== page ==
I’ve heard this word an awful lot lately. I’m in Palm Springs, CA attending an ASMP National Board meeting. Our meeting has coincided with the timing of the Palm Springs Photo Festival, where dozens of photography influencers, buyers and makers of contemporary photography gather. Almost every conversation I’ve had in the last couple of days have been about “value”.
Most successful photographers or business people in general, would probably define “value”in monetary terms. To be successful, one has to sell the “value” of what they do, and how that translates to real dollars for a potential client. Now, in my opinion, to be good at any sales you have to either really believe in your product or be a very good actor – or both. My point is that to sell your “value” you have to start by first valuing yourself.
There have been days when I’ve beat myself up by allowing my self to feel “devalued” by how someone else acts toward me – it could be a client, a colleague, a relative, a friend – any human with an ego. I try to remind myself that my “value” is in staying true to myself, because that is what makes me unique and not just a commodity. There’s so many workshops and consultants these days teaching “how to’s” – from using gear, to selling photos, making a movie, branding yourself and on and on and on. I think we are all so overwhelmed at times that we don’t even remember who we really are.
At the end of the day your value is in how you perceive yourself and a strong sense of self has to come through if you want to sell your “value” to someone else. That sense of self usually comes from “doing”. When you are out there “doing”, you’re creating opportunity to happen. That’s something I am passionate about – the possibilities and the wonderment in that. When that passion comes through in your interactions with others – it’s positive energy that people can feel and most people are attracted to positive forces.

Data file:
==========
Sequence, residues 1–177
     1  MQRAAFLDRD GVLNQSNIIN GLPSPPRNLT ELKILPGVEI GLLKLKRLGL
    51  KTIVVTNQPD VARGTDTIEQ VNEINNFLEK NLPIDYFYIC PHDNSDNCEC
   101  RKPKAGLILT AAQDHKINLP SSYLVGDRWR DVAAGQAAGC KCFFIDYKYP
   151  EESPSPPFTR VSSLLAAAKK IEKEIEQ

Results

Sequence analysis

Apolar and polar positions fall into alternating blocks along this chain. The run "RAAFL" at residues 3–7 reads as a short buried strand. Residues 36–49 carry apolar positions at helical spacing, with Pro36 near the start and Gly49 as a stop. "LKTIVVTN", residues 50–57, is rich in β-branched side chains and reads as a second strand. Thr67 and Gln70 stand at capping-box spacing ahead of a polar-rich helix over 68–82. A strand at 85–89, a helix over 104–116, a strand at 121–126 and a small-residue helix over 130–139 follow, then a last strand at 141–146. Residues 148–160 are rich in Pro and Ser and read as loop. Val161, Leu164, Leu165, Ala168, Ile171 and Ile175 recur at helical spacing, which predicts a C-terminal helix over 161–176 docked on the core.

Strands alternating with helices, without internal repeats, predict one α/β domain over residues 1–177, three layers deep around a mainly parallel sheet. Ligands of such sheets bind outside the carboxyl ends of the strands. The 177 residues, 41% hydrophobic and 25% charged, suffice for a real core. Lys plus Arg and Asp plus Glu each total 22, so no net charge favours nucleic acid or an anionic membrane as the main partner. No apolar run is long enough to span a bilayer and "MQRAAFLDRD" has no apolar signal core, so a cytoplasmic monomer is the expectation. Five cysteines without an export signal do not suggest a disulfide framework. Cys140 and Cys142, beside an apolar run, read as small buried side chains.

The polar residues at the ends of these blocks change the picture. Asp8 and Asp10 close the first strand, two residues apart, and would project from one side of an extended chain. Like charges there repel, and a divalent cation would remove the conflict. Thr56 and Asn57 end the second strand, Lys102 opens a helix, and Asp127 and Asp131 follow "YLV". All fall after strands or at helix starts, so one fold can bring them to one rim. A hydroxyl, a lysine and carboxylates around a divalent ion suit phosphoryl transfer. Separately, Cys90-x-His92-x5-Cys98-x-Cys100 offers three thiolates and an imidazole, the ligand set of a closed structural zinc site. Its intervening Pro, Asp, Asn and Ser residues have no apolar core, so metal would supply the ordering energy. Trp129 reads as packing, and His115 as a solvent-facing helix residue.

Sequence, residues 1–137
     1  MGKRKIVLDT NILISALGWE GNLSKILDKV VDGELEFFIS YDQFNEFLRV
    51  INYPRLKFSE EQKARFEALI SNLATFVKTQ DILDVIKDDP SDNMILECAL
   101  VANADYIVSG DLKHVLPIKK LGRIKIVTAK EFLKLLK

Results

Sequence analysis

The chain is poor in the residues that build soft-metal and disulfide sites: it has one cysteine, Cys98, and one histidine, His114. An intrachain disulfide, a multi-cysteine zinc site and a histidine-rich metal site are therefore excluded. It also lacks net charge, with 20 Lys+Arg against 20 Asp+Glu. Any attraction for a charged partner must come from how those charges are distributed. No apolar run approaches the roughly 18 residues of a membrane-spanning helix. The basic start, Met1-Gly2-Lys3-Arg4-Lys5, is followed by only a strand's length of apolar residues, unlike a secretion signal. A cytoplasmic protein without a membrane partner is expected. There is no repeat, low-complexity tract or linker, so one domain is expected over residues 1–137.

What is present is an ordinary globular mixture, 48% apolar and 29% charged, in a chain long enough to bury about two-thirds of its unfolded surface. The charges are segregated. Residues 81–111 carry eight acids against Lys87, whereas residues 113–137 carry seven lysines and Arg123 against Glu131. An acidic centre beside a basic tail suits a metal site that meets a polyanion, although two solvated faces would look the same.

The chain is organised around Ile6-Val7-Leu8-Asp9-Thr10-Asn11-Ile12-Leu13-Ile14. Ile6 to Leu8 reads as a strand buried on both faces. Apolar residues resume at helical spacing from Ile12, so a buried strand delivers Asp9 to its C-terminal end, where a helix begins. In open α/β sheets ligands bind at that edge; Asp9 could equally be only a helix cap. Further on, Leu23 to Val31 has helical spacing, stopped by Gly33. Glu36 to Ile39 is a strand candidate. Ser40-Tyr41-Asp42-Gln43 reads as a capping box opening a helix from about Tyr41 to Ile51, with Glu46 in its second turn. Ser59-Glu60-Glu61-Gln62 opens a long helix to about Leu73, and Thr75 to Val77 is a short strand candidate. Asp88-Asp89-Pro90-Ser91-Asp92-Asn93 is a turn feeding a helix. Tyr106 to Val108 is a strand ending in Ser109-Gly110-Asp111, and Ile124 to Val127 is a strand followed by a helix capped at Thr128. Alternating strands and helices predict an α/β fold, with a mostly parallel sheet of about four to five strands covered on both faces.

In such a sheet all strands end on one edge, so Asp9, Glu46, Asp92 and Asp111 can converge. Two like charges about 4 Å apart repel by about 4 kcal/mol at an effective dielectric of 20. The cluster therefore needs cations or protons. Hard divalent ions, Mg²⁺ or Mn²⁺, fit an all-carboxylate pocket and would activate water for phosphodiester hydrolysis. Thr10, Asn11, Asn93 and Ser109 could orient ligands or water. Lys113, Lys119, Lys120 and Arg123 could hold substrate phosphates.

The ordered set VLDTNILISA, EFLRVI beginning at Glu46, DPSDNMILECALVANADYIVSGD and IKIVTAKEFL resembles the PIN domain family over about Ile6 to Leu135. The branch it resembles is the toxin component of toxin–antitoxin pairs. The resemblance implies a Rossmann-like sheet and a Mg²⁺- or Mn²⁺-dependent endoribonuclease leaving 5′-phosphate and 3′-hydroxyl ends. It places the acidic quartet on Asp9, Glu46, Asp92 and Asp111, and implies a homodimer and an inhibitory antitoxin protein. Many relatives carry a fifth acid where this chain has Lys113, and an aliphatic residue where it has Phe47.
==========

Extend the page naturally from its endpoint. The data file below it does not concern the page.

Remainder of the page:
I must warn you though, that there are many people out there who will try to take advantage of someone who so passionate about what they do – and usually the human ego is involved. That’s ok, because when you determine your value and stop letting others determine it for you, it becomes much easier to deal with people who get gratification in undermining others.
There’s a wonderful scene in an old movie where Spencer Tracy plays Thomas Edison. Tracy (Edison) is in the office of a potential buyer of one of his inventions. (I’m using arbitrary figures to tell the story) The potential buyer was clearly an egotistical miserable guy and he throws out a price of let’s say $10,000 to Edison in a condescending way. Edison stands there speechless – literally speechless and the “buyer” begrudgingly says – “OK, $20,000” and Edison remains speechless. This goes on until the “negotiation” gets up to $50,000 and Edison finally manages to say, “OK” and they shake hands. The investor starts laughing in Edison’s face and shouts out “I was prepared to go to $100,000” and continues to laugh. Edison turns around as he is walking out the door and says, “I was prepared to accept $1,000”.
What does that say about value?